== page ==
Just look at what religion has done to our world. It has divided humanity. It has made us intolerant of each other, it has led us to kill, plunder and spread hatred and disharmony. And that’s why I believe totally in spirituality. Now, religion and spirituality are not one and the same. Religion is mass-driven, fear-inducing, ritualistic and plain regressive. Spirituality, on the other hand, is deeply personal – to each one their own – and celebrates the idea of being human, of all of us being one. Spirituality is the flowering of inner awareness – it is understanding that if you have been created, you will be looked after, provided for and cared for; that this journey in the human form is temporary; that while you are here, you must be happy, be inclusive, be loving and be giving to all around you. In spirituality, as I understand it, there is no God to “go to” or “fear” – you just surrender to a Higher Energy, you acknowledge the impermanence of every thing, including this human form, and trust the process of Life by being eternally grateful for your being human and for this human experience. Prayer, in a spiritual context, to me, is this act of total surrender in eternal gratitude.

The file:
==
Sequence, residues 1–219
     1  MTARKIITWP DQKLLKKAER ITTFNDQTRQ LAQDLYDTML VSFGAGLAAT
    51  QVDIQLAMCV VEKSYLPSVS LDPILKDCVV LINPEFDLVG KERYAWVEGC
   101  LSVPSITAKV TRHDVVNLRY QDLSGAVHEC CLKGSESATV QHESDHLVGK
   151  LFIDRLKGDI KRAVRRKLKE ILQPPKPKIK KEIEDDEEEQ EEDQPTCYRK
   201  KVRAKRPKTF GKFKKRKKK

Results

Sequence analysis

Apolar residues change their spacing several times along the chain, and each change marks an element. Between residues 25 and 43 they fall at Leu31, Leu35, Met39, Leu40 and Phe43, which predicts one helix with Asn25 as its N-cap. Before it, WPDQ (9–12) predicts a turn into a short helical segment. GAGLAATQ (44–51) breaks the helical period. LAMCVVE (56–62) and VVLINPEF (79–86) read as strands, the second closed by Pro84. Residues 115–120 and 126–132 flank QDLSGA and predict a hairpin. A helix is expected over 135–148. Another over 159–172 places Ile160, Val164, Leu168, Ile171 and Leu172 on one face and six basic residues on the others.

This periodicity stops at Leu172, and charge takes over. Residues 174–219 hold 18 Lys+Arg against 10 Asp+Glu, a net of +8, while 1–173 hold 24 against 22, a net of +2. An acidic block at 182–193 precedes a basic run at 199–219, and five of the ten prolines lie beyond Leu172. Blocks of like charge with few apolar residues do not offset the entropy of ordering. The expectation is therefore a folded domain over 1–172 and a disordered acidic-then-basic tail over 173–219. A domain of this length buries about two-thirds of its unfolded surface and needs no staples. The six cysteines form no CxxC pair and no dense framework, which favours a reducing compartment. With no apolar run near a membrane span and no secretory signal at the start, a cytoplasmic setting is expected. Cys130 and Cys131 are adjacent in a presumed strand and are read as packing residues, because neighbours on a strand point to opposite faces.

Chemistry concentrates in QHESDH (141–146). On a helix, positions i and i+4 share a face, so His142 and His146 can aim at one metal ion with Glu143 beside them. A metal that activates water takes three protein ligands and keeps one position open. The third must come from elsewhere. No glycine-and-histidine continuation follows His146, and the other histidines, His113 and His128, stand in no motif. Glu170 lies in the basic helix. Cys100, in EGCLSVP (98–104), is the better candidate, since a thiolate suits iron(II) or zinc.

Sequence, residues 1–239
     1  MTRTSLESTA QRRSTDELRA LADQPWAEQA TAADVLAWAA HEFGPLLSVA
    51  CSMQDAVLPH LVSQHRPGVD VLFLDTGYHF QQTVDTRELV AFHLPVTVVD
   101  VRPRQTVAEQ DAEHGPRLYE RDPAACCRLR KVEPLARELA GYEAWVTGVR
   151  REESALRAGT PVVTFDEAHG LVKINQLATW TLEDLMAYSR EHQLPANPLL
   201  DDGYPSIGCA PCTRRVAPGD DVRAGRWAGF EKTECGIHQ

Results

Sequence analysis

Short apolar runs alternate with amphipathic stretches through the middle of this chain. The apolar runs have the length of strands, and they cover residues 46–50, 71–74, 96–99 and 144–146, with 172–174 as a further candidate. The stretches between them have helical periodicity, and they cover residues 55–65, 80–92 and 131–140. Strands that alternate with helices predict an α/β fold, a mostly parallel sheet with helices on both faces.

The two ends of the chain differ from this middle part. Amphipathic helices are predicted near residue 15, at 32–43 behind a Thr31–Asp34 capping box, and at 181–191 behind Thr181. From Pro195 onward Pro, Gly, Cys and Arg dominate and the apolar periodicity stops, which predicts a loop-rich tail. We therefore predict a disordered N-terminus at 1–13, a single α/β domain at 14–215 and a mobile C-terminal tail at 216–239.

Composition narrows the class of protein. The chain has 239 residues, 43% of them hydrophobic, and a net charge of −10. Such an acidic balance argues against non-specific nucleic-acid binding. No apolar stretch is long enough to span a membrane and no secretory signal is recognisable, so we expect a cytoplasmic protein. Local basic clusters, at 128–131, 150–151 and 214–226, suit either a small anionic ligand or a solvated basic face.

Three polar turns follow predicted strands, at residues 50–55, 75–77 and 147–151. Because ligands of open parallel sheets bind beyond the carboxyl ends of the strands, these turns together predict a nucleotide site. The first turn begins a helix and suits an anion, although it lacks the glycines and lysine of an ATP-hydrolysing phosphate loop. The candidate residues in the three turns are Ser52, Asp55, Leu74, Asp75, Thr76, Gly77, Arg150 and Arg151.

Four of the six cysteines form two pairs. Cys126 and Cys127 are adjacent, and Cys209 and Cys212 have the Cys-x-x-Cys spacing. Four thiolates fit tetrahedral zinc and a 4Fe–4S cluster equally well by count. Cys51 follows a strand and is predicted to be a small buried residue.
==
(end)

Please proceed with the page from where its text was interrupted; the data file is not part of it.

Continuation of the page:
So, pray, pray, pray. Not in the name of religion. But in salutation and gratitude to a Higher Energy, to make the world a better place. Which is why I believe the nuns must have been allowed to pray at Srirangam. Or menstruating women must be allowed to pray in Sabarimalai. Or anyone must be allowed to travel to and pray at Mecca. Not that these “places of worship” must be democratized but because religion must be done away with. What the world needs today is a lot of prayer by a lot of humanity – and clearly not religion!
Today’s Vlog demystifies enlightenment. Anyone can and will be enlightened – when you understand the true, transient, nature of Life!
View time: 3:31 minutes
Today’s Podcast recommends that when we don’t know what to do in Life, we must keep the Faith and be Patient. We must trust the process of Life that if we have been created we will be cared for. And while we wait to be looked after by Life, we must be Patient. I draw on the two principal tenets of Shirdi Sai Baba’s teaching – Faith (Shraddha) and Patience (Saburi).
Listen time: 4:50 minutes
Make your entire Life an offering to the Universe, and you will be the prayer yourself.
Last evening I was caught in the middle of an artificial traffic jam caused by motorists thronging a Shirdi Baba shrine. The mess was artificial because it was time for the arathi and everyone inside and outside the temple was shoving, elbowing, honking and pausing to catch a glimpse of the deity. Chaos is a mild word to describe the situation, it was complete mayhem!
And I caught myself thinking – do we really need to be so demonstrative with prayer and worship?